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In Kotlin, the `size` property determines the number of elements within a collection. It is not only applicable to lists but also to other collections that we’ll be working with in the coming lessons.

Similarly to the `length` property for Strings, `size` counts the number of elements in a collection and returns an Integer value.

Take a look at the following list of major European rivers:

``val majorRivers = listOf("Volga", "Danube", "Loire", "Rhine", "Elbe") ``

We can append `size` to `majorRivers` and retrieve the number of elements in the list:

``println(majorRivers.size) // Prints: 5  ``

Additionally, this code can be used to construct an informative String about our list:

``````println("There are \${majorRivers.size} major rivers in Europe.")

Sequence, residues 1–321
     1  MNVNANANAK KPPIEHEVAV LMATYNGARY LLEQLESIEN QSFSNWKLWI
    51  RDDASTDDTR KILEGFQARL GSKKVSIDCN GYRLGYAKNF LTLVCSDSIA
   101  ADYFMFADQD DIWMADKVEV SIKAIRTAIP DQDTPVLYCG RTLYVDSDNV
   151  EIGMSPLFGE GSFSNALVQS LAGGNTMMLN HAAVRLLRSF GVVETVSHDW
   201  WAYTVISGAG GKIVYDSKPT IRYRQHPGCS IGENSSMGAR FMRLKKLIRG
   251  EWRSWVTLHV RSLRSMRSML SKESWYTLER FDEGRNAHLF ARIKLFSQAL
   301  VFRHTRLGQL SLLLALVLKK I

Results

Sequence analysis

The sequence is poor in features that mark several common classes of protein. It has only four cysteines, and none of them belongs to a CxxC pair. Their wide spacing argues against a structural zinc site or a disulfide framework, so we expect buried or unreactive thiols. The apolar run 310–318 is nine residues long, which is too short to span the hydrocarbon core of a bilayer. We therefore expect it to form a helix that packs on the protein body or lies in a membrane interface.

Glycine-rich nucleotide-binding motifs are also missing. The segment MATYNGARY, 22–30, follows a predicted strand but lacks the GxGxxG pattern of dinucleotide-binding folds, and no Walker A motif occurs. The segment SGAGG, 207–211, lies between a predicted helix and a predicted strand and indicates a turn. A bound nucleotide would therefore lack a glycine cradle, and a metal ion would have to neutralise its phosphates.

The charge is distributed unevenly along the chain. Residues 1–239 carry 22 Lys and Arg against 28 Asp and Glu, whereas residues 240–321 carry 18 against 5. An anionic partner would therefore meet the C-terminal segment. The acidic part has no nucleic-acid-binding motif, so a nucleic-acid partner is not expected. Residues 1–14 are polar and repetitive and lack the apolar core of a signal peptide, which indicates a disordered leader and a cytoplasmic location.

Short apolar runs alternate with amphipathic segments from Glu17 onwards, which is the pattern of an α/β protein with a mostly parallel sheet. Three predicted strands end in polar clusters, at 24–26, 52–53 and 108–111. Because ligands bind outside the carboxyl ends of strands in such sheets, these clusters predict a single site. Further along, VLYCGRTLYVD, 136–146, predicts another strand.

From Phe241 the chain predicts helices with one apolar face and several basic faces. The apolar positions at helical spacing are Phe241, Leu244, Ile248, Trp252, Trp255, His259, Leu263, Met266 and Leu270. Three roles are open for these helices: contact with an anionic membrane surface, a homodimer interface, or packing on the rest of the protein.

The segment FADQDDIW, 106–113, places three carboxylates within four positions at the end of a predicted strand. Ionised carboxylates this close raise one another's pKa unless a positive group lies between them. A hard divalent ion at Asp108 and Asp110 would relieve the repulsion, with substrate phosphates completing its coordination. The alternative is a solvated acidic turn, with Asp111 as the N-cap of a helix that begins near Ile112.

// Prints: There are 5 major rivers in Europe.  ``````

Furthermore, `size` can be used along with an element’s index to retrieve the last element of a collection:

``println(majorRivers[majorRivers.size - 1]) // Prints: Elbe``
• Within the brackets, `majorRivers.size` equates to `5`. Subtracting `1` from this value results in `4` which becomes the final numerical index within the brackets.
• `majorRivers[4]` returns the 4th and last element in the list, `"Elbe"`.

This strategy is most commonly used when iterating over a collection or simply grabbing the last element of a list when we don’t know how many list elements there are in total. We’ll learn more about how to iterate over a collection later in the course.

### Instructions

1.

In Fruit.kt, create a variable, `fruitTrees`, which stores a mutable list of the following fruit trees:

• `"Apple"`
• `"Plum"`
• `"Pear"`
• `"Cherry"`
2.

On the next line, construct the following sentence using String template syntax:

``I am growing [___] different types of fruit in my garden.``

Replace the value within the brackets with `fruitTrees.size`. Use a print statement to output this sentence to the screen.